What is a Marketing Strategy?

Marketing Strategy

Over the last several months, I’ve been assisting Salesforce customers with developing a strategy on how to best utilize their licensed platforms. It’s an interesting opportunity and one that’s actually surprised me. Having been an early employee of ExactTarget, I’m a huge fan of the infinite capabilities of Salesforce and all of their available products.

This opportunity came to me through a Salesforce partner that has an outstanding reputation for implementing, developing, and integrating the collection of Salesforce platforms for their clients. Over the years, they’ve just knocked it out of the park… but they’ve started noticing a gap in the industry that needed filled – strategy.

Salesforce provides countless resources and outstanding use cases to prospects on how other customers are best utilizing the platform. And my Salesforce Partner can accommodate the implementation of any strategy. The gap, though, is that companies often enter into an engagement with Salesforce and the partner without actually determining what the strategy might be.

Implementing Salesforce is not a Marketing Strategy. Implementing Salesforce could almost mean anything – from how you sell, who you sell to, how you communicate to them, how you integrate with your other corporate platforms, as well as how you measure success. Getting a license and sending out logins to Salesforce isn’t a strategy… it’s like buying a blank playbook.

What is a Marketing Strategy?

A plan of action designed to promote and sell a product or service.

Oxford Living Dictionary

marketing strategy is a business’s overall game plan for reaching people and turning them into customers of the product or service that the business provides.

Investopedia

If you purchased a marketing strategy from a consultant, what would you expect them to deliver? I posed this question to leaders throughout the industry and you’d be surprised at the range of answers I received… from ideation through to finite execution.

Developing a marketing strategy is one step in your overall marketing journey:

  1. Discovery – Before any journey begins, you must understand where you are, what’s around you, and where you’re going. Every marketing employee, hired consultant, or agency must work through a discovery phase. Without it, you don’t understand how to deliver your marketing material, how to position yourself from the competition, or what resources are at your disposal.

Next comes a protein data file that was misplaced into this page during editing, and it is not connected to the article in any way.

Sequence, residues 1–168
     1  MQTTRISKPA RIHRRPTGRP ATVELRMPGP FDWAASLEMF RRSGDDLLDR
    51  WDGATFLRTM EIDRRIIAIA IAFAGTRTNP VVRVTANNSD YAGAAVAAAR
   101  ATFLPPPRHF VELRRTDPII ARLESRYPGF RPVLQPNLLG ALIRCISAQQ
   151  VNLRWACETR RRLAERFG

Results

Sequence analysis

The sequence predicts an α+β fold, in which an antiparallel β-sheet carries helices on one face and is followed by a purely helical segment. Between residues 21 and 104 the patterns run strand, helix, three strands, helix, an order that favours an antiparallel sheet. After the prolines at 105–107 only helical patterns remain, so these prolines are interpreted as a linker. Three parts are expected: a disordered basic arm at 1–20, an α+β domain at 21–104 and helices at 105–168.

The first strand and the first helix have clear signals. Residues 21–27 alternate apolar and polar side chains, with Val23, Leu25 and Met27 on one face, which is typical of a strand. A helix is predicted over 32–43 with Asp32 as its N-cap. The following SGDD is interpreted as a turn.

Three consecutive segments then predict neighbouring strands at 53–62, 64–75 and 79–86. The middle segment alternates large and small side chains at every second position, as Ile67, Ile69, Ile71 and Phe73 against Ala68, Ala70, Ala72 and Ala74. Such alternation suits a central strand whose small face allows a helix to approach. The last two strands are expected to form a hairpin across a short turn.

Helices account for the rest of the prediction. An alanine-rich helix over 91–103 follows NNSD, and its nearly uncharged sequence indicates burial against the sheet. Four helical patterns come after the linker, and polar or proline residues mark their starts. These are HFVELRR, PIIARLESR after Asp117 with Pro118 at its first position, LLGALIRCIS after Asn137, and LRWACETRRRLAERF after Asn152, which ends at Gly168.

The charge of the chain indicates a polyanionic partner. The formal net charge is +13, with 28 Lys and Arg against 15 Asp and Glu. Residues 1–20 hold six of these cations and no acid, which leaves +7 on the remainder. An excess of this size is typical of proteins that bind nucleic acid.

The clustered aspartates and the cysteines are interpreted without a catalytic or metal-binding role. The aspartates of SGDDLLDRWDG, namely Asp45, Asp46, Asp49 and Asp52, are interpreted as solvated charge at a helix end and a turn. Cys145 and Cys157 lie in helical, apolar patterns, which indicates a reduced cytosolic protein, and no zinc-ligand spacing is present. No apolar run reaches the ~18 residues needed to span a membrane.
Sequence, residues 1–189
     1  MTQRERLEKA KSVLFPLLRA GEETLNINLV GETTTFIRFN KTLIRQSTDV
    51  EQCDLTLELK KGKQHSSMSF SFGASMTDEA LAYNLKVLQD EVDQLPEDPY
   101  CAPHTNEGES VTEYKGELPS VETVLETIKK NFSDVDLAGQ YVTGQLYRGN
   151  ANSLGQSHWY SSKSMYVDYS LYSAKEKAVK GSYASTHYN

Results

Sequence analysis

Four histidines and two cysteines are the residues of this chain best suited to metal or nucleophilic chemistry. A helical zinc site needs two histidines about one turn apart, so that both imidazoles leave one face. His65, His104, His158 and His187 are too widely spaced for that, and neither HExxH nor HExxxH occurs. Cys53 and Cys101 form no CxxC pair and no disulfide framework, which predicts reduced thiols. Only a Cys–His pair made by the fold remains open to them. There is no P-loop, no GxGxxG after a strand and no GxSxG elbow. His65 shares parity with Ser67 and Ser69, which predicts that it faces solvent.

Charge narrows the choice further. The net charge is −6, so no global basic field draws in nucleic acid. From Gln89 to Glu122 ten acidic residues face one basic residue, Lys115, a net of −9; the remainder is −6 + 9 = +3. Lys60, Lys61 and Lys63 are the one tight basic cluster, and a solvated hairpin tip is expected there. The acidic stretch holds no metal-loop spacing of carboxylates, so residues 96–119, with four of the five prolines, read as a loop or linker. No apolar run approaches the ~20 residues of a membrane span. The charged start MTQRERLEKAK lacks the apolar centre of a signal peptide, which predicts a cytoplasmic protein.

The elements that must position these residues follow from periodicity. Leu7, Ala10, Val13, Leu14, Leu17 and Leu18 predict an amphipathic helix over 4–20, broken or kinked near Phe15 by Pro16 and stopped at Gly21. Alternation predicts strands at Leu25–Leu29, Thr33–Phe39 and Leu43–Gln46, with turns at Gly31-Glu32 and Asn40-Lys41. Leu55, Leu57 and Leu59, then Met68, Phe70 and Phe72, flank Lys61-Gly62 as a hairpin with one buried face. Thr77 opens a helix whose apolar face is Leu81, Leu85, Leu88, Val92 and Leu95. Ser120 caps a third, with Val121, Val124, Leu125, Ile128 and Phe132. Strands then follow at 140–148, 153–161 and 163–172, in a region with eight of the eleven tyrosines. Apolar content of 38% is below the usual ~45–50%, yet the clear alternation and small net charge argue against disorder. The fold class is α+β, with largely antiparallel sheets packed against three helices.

2. Strategy – Now you have the tools to develop a baseline strategy used to achieve your marketing goals. Your strategy should include an overview of your goals, channels, media, campaigns, and how you will measure your success. You will want an annual mission statement, quarterly focus, and monthly or weekly deliverables. This is an agile document that can change over time, but has the buy-in of your organization.
  3. Implementation – With a clear understanding of your company, your market positioning, and your resources, you’re ready to build out the foundation of your digital marketing strategy. Your digital presence must have all the tools necessary to execute and measure your upcoming marketing strategies.
  4. Execution – Now that everything is in place, it’s time to execute the strategies you’ve developed and measure their overall impact.
  5. Optimization – Notice the cool wormhole that we’ve included in the infographic that takes our growing strategy and transports it right back to Discovery again! There is no completion of the Agile Marketing Journey. Once you’ve executed your marketing strategy, you must test, measure, improve, and adapt it over time to continue to maximize its impact to your business.

Notice that strategy precedes implementation, execution, and optimization. If you’re developing or purchasing a marketing strategy from a company – that doesn’t mean they’re going to implement that strategy, nor execute it.

A Marketing Strategy Example: Fintech